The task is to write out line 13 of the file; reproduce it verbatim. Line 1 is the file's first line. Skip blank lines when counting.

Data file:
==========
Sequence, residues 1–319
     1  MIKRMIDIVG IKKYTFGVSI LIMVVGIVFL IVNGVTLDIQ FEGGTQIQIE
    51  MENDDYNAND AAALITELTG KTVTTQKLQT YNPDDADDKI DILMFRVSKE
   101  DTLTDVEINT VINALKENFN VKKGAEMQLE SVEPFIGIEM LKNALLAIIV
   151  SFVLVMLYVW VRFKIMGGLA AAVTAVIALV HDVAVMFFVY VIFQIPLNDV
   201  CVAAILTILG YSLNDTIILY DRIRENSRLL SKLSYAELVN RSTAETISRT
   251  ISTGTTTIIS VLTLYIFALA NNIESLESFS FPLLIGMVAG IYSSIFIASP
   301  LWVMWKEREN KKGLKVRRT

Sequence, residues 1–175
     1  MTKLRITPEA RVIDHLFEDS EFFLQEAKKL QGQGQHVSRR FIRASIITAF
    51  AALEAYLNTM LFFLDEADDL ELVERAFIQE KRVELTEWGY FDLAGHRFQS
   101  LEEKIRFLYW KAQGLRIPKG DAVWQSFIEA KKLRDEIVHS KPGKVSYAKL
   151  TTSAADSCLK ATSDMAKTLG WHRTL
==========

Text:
   151  TTSAADSCLK ATSDMAKTLG WHRTL